So Many Books, So Little Time! Here’s the next installment in my, “Books Off the Shelf” series—a grouping of some short book reviews on books quite literally off my bookshelves—books I’ve read or listened to. I will attempt to give you an idea on some books you might enjoy or not enjoy quite as much without ruining it with too many spoilers.
The Name of the Wind (Kingkiller Chronicles, Day 1)
by Patrick Rothfuss
Rating 9.5 out of 10
My name is Kvothe, pronounced nearly the same as "quothe." Names are important as they tell you a great deal about a person. I've had more names than anyone has a right to. The Adem call me Maedre. Which, depending on how it's spoken, can mean The Flame, The Thunder, or The Broken Tree.
"The Flame" is obvious if you've ever seen me. I have red hair, bright. If I had been born a couple of hundred years ago I would probably have been burned as a demon. I keep it short but it's unruly. When left to its own devices, it sticks up and makes me look as if I have been set afire.
"The Thunder" I attribute to a strong baritone and a great deal of stage training at an early age.
I've never thought of "The Broken Tree" as very significant. Although in retrospect, I suppose it could be considered at least partially prophetic.
My first mentor called me E'lir because I was clever and I knew it. My first real lover called me Dulator because she liked the sound of it. I have been called Shadicar, Lightfinger, and Six-String. I have been called Kvothe the Bloodless, Kvothe the Arcane, and Kvothe Kingkiller. I have earned those names. Bought and paid for them.
But I was brought up as Kvothe. My father once told me it meant "to know."
I have, of course, been called many other things. Most of them uncouth, although very few were unearned.
I have stolen princesses back from sleeping barrow kings. I burned down the town of Trebon. I have spent the night with Felurian and left with both my sanity and my life. I was expelled from the University at a younger age than most people are allowed in. I tread paths by moonlight that others fear to speak of during day. I have talked to Gods, loved women, and written songs that make the minstrels weep.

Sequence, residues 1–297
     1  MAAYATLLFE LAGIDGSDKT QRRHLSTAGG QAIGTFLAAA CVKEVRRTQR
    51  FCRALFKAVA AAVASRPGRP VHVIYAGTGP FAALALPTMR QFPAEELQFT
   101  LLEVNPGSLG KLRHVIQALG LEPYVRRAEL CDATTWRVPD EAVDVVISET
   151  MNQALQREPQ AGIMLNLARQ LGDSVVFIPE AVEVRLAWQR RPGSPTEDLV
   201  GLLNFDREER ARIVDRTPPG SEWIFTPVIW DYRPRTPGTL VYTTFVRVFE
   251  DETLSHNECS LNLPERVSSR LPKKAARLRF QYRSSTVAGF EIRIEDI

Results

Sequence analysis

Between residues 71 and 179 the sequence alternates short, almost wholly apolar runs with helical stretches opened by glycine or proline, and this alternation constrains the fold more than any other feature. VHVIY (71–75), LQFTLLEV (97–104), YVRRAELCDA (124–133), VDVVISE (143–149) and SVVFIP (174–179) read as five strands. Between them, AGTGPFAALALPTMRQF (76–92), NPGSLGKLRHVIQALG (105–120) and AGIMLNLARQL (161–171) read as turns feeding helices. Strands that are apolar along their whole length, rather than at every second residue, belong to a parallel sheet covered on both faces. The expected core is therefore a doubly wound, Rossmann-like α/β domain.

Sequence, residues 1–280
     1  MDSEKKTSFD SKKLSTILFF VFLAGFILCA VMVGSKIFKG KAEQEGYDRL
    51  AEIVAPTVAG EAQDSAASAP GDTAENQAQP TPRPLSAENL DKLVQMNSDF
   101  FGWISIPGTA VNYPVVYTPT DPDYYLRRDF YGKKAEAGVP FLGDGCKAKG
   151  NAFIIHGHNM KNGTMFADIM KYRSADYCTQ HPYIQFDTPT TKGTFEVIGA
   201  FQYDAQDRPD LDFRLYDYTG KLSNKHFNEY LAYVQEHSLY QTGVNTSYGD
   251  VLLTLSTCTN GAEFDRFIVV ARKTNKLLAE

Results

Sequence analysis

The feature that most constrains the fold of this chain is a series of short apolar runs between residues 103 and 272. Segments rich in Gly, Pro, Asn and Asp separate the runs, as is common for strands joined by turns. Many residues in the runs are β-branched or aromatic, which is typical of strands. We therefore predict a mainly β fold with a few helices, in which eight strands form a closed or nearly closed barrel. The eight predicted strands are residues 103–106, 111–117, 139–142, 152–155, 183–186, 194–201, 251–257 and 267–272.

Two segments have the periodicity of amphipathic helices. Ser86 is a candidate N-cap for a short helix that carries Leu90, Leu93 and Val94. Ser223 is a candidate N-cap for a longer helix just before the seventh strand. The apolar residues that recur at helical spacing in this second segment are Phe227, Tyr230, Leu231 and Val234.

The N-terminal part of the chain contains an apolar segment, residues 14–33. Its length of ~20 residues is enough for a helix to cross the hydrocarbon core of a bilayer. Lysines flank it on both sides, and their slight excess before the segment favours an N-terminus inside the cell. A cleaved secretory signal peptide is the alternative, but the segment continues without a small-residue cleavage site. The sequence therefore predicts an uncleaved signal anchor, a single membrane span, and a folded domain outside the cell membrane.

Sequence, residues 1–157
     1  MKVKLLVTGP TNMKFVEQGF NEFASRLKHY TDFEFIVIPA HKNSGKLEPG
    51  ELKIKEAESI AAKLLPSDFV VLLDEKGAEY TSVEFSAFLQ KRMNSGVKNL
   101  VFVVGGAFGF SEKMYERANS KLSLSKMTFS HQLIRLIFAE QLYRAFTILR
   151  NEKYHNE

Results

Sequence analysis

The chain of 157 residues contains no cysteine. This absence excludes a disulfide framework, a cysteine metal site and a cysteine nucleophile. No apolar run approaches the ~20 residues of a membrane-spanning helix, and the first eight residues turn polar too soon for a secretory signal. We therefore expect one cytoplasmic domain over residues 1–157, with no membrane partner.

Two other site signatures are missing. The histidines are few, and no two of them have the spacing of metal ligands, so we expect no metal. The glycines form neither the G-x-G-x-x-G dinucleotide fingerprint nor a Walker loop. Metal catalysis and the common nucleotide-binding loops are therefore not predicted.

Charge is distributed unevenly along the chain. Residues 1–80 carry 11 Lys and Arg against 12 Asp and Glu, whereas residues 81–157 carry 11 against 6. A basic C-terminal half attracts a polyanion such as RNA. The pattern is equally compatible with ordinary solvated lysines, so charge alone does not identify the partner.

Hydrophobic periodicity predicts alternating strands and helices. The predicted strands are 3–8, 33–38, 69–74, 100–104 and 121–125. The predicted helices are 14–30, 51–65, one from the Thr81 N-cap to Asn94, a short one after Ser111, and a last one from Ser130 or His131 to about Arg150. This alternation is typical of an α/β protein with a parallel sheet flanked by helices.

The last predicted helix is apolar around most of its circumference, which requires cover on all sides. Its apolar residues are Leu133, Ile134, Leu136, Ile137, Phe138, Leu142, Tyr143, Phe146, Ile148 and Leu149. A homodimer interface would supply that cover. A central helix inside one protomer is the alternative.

You may have heard of me.
So begins the tale of Kvothe—from his childhood in a troupe of traveling players, to years spent as a near-feral orphan in a crime-riddled city, to his daringly brazen yet successful bid to enter a difficult and dangerous school of magic. In these pages you will come to know Kvothe as a notorious magician, an accomplished thief, a masterful musician, and an infamous assassin. But The Name of the Wind is so much more—for the story it tells reveals the truth behind Kvothe's legend.
This book is AWESOME! If you haven’t read it, you need to get it now. Go order it and then come back.
Done? OK. Like I said, this book is awesome. Rothfuss’s ability to create believable, endearing characters that demand their presence be both seen and heard is breath taking. We first meet Kvothe as a man, younger than he seems, and living a mostly-unremarkable life in a third person telling. As the story unfolds, though, Kvothe offers us a striking tale of his life through a first person retelling.
As you can guess from Rothfuss’s own description above, Kvothe has lived an incredible life, doing more than most would consider possible in a lifetime, and all of this while still being a young man. We get to tag along through joy, discovery, heartbreak, near-starvation, and a detection of deep power.
One of the things that is so great about Rothfuss’s writing is that there is always more hinted at—more world, more secrets, more everything. It grants his writing an incredible depth. One can immerse here, live here. It is simply wonderful.
All that being said, I only gave THE NAME OF THE WIND a rating of 9.5 out of 10. The reasoning is probably a little unfair. Rothfuss has bitten off a massive story which he has promised to finish in three books. (Granted each book is a tome worthy of propping open doors, but still…) I am nervous that I won’t be satisfied with the story ending. I don’t want to be a naysayer. I have every confidence in Rothfuss’s ability; I am just nervous. As a small spoiler there is a part in the second book, A WISE MAN’S FEAR, that the narration skips to a broad, sweeping struck, and the reader is told that there is not time to tell of…(then he lists several story worthy parts of the adventure.) We are just dropped off months later with the barest of nods toward what happened in the between.
I know this seems nitpicky, and really it is my only complaint. But if the third book fails to give closure, THE NAME OF THE WIND won’t be as good.
All this to say, this is a fantastic book. Go get a copy. You need to read this.
And on a side note, I am just finishing reading Rothfuss’s The Slow Regard of Silent Things. It is a short break from the main story line allowing us to explore the life of a side character. I’ll do a Books Off the Shelf entry on it soon.
For now, go read THE NAME OF THE WIND.
And, as always, if you have suggestions of books to review, please let me know. If it is Science Fiction or especially Fantasy, there is a good chance it is on my shelf or should be.
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Ryan J. Doughan